Eid Al-Adha’s Sheep Fest in Egypt

Muslims across Egypt began celebrating the first day of Eid Al Adha this morning. Right after dawn men and women gathered to pray the Eid prayer in the mosque, where the Eid ‘song’ filled the morning air through microphones. After the special Eid prayer, Eid Al-Adha’s Sheep Fest in Egypt began, and people who could afford to began to slaughter their sacrifices to God; usually sheep or bull. Oblivious to their fate, these animals will be on a dinner plate before the day ends.

For the past few weeks herds of sheep have been arriving on the streets of Cairo, where butchers or shepherds set up camp on a pavement or on the side of the road. Butchers usually put a wooden fence around the sheep in front of their shop to prevent them from running off, but shepherds arriving from the country usually keep them on a pavement without a border and the sheep don’t try to escape.

Although Cairo is eerily quiet on Eid, butchers around the city are busy with queues of people waiting for their sheep to be slaughtered. The city is also very busy with beggars arriving from different parts of Egypt, waiting for their portion of meat and money. Luckily for these sheep, the land in front of the butcher’s was spacious enough for them to walk around.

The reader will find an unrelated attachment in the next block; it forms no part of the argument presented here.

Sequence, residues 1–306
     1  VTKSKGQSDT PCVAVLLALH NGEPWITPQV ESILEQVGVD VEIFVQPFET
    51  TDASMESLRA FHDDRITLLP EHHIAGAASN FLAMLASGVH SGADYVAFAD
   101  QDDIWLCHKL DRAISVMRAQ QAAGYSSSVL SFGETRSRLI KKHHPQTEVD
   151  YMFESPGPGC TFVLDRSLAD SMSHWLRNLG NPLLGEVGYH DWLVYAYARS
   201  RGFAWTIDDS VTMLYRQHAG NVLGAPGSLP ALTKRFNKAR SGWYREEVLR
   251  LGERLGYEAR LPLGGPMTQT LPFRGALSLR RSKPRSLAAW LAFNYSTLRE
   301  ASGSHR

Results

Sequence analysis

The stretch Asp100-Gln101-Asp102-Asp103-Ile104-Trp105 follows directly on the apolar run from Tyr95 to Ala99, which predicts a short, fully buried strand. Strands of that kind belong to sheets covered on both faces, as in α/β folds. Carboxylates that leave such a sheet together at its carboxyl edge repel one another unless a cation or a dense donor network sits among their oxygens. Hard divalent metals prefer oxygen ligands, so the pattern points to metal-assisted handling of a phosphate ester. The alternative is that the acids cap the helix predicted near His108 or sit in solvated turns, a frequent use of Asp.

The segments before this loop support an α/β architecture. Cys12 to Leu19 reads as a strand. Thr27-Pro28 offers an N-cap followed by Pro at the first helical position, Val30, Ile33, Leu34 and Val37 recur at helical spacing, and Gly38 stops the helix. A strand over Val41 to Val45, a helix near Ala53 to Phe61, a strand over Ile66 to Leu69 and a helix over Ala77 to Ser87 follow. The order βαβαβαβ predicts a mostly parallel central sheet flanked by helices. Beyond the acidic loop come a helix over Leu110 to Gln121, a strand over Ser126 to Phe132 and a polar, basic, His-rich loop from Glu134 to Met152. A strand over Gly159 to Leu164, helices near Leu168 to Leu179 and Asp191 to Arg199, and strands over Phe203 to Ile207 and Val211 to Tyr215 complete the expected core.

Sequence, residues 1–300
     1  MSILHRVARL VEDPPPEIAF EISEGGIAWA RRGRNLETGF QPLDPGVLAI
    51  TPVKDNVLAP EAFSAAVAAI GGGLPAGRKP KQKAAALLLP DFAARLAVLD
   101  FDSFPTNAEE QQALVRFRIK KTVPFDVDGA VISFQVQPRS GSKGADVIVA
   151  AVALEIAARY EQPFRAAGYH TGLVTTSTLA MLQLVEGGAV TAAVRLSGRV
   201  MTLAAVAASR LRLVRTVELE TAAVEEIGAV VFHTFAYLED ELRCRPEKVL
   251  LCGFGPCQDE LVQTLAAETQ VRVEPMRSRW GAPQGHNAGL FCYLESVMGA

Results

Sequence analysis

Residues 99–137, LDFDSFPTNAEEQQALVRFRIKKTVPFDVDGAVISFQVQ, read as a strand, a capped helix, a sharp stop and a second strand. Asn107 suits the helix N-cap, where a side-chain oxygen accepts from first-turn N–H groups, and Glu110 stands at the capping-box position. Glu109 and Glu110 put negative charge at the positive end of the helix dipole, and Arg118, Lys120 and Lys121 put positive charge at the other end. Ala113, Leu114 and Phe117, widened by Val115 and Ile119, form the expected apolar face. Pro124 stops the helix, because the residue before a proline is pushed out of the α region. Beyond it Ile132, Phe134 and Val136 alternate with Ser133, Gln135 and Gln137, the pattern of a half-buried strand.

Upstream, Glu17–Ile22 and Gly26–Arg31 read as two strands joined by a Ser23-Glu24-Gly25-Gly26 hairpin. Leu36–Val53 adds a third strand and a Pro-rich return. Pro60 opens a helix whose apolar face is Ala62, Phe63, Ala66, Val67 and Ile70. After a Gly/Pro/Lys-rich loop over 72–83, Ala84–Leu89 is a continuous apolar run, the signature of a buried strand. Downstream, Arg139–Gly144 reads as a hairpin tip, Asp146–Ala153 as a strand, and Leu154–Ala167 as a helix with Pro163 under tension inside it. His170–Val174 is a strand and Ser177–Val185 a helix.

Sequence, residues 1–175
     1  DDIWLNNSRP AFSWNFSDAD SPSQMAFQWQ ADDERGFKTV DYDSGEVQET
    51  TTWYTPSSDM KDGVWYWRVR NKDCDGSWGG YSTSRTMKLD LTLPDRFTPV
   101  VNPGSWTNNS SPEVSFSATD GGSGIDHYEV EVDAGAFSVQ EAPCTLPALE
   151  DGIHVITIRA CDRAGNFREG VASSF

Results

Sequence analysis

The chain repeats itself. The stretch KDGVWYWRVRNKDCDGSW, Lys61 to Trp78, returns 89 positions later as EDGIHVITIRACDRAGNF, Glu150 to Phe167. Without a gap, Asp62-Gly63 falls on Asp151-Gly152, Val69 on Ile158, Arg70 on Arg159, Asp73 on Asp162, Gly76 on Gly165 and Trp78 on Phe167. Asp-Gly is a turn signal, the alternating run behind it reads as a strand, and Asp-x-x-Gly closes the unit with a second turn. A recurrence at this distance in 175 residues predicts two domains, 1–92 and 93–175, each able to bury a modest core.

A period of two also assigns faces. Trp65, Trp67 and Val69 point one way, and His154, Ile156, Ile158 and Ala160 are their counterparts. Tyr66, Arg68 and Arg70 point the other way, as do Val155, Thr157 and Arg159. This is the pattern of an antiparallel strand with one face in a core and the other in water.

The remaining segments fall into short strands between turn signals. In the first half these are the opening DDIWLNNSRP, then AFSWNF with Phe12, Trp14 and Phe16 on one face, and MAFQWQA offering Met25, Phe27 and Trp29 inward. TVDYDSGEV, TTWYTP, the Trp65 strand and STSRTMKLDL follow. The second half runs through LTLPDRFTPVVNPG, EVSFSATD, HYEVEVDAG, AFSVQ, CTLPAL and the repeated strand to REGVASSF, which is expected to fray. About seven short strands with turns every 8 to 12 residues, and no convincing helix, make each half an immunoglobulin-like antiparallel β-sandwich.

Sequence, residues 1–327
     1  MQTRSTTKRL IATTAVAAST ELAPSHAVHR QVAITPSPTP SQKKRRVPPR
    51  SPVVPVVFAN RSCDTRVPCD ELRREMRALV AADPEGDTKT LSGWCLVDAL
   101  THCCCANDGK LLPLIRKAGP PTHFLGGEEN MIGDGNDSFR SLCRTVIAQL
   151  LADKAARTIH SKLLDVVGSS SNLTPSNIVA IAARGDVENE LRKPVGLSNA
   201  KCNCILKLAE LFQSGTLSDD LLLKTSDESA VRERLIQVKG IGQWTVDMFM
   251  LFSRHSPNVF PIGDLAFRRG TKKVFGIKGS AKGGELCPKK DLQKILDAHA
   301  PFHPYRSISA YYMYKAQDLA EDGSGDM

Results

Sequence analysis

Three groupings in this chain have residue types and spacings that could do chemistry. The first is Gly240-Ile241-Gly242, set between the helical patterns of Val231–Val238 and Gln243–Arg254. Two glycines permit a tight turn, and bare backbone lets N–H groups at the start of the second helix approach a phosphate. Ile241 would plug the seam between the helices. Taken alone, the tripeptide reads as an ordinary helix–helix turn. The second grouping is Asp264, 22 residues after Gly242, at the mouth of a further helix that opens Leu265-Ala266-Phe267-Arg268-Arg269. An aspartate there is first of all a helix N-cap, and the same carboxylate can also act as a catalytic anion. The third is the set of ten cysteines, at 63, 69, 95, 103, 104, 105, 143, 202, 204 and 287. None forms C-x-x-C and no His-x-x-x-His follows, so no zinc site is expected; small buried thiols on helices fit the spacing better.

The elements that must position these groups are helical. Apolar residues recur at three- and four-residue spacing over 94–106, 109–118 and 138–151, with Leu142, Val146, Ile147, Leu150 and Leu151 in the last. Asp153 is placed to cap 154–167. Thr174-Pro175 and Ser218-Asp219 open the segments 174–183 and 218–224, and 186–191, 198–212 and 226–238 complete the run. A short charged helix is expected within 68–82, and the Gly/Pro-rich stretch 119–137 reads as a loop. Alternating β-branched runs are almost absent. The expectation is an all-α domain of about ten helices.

To be honest, it’s hard for me to see animals being slaughtered, however humane it is carried out. But I guess this is the test we must endure, hoping to be obedient to God like Prophet Abraham.

What surprises me is that every part of the bull or sheep is eaten, almost nothing is left to spare! Speaking of bulls and sheep, these two had a bit of a brawl. I will testify that the smaller fellow started the fight first, ramming his horns into the bull. The bull provoked him for several consecutive rounds, however, but because he was tied up, it didn’t get very far.

Most of these sheep liked posing for the camera!

Although many people slaughter their sheep at the butcher’s, many others prefer to slaughter their sacrifice in either their apartment building’s garage or outside their house, hiring a butcher that comes right to the premises. They weigh the animal, and the price is set accordingly.

They’ll either rent a truck to carry their sheep or bull to wherever they’ll slaughter it. I have also seen many people put their sheep in the boot of their car!